Toward A New Realism In Foreign Policy
We need a foreign policy based on enlightened realism and the national interest, not high-sounding campaign rhetoric.
Since the end of the Cold War in the early 1990s, America’s foreign policy lost the unifying theme and focus which had guided it since the end of World War II. During the post-War period, Americans enjoyed a certitude of the moral imperative of resisting communist tyranny. After 1990, our purpose seemed to shift and sway from promoting “human rights” to encouraging “democracy” to various sorts of globaloney.
This has led to a variety of misplaced priorities and policies which have resulted in staggering debacles like the wars in Afghanistan and Iraq, as well as military interventions in Serbia, Syria, Libya and other nations, costing U.S. taxpayers trillions of dollars and thousands of lives.
After World War II, as the sole economic superpower on the planet and an aggressive Soviet Union subjugating central and eastern Europe and fomenting a communist takeover of mainland China, leadership of the so-called “Free World” passed to the United States. For more than forty years, the U.S. – practically single-handedly – embarked on a policy of “containment” of Soviet and Chinese communism, leading to wars in Korea, Vietnam and elsewhere.
For more than forty years, the U.S. – practically single-handedly – embarked on a policy of “containment” of Soviet and Chinese communism, leading to wars in Korea, Vietnam and elsewhere.
“Containment” was the bi-partisan consensus of the foreign policy establishment, rejecting grandiose concepts of actually rolling back the communist advance and liberating the enslaved nations of eastern Europe ( President Eisenhower rejected calls to intervene in the Hungarian uprising of 1956).
America – with its economic strength and nuclear arsenal – eventually prevailed in the Cold War, but not before President Reagan’s policies forced the Soviet economy to the brink of collapse and Secretary Gorbachev to the negotiating table.
With the fall of the Berlin Wall, the liberation of eastern and central Europe, and the dissolution of the Soviet Union itself in 1991, it was time for a new bipartisan foreign policy consensus and one seemed to emerge, but was it the right strategy for America’s third century?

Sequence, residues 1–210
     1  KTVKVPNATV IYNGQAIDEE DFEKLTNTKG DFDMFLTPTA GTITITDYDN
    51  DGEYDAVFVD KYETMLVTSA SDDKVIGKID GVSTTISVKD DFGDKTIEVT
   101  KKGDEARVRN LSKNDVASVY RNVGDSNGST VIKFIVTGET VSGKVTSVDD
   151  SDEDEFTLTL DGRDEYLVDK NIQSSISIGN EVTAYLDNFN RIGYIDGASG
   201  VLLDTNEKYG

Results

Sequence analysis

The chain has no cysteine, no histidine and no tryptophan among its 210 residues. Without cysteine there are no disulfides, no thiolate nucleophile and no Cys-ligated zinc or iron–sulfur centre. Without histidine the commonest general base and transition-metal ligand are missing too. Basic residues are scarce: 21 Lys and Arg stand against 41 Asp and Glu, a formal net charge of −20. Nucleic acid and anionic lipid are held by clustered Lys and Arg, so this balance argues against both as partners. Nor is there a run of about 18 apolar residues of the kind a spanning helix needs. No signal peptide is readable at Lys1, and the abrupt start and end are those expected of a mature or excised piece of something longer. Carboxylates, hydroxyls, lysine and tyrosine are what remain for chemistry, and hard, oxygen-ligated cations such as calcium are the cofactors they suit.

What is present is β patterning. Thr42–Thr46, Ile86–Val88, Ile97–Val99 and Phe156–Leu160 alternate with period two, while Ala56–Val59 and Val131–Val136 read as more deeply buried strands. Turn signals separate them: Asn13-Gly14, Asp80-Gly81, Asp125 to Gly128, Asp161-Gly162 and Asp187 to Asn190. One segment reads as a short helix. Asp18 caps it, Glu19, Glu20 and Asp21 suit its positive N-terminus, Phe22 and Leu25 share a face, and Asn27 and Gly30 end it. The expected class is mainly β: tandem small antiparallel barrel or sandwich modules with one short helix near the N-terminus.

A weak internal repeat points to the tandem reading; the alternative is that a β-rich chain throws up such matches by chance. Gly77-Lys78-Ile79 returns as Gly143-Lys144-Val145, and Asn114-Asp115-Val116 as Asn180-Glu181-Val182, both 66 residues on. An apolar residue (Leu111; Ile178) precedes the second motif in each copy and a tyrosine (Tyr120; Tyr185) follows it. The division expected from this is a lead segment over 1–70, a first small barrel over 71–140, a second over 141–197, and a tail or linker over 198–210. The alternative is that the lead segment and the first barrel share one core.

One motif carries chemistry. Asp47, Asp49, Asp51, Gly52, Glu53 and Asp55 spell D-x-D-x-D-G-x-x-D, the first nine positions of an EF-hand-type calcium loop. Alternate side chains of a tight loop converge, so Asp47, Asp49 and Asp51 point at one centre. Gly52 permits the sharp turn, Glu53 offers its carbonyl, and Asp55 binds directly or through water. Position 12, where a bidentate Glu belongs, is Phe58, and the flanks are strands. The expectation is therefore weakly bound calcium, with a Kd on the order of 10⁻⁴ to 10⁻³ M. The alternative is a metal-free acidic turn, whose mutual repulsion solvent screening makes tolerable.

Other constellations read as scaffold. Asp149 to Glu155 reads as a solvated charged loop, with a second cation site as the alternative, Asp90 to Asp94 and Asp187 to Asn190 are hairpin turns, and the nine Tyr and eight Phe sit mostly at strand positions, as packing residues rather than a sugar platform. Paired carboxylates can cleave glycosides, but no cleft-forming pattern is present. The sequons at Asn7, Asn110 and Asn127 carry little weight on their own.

With Republican president George H.W. Bush’s proclamation of a “New World Order” and initiation of “Operation Desert Storm” in 1990, it appeared as if the direction of U.S. foreign policy would abandon the high hopes of many for a post-Cold War “peace dividend,” a return to normalcy at home and abroad, and possibly a reapproachment with a non-communist Russia.
The Persian Gulf War ushered in a quarter-century of wars and military interventions around the world, often with little or no national interest involved. Was there any American interest in bombing Serbia for eighty days in 1999 under Bill Clinton? Or Clinton’s prior intervention in Haiti? How about Obama’s intervention to topple Khadafy in Libya in 2011? Or the ongoing involvement in the Syrian civil war? Will the American people benefit from replacing the secular ruler Assad ( who protects the religious rights of Christians ) with emissaries of radical Islam?
Of course, the tragic disaster of the Iraq War represents perhaps the worst foreign policy decision since LBJ went to war in Vietnam in 1965. Fabricated on false intelligence, with no clear long-term strategy, the war simply served to destabilize the entire Middle East, upset the balance of power in the region, and exacerbate the threat from Iran. Far from creating “democracies” in that part of the world, it only unleashed the profoundly anti-democratic forces of Islamic extremism and terrorism.
While noble concepts like promoting “human rights,” Western values, and “democracy” sound good in political speeches, they are simply not appropriate to a hard-headed, common sense foreign policy based on dealing with the world the way it is, not as we would wish it to be. We need a foreign policy based on enlightened realism and the national interest, not high-sounding campaign rhetoric.
As a member of the U.S. Congress, I will support and advocate a foreign policy that opposes military interventions abroad, unless there is a compelling national interest involved and a clear exit strategy. I will not support keeping American ground troops stationed permanently on foreign soil, engaging in nation-building rather than eradicating our enemies. I will insist that our wealthy allies and strategic partners pay the bill for their own defense and shoulder more of the burden for regional security. For example, a stronger, militarily-potent Japan could easily check North Korea’s ambitions and China’s as well.
Why force Tokyo to adhere to an outdated post-War constitution that restricts her ability to defend herself and assist the United States in providing for such regional security? I will be willing to use our enormous economic muscle and wide-open consumer markets to discourage Beijing’s attempts to dominate Asia. I will work to deploy an impenetrable missile defense system to protect us from any foreign missile threat. Lastly, as a physician profoundly concerned with saving lives, war will always be the last resort, when everything else has failed.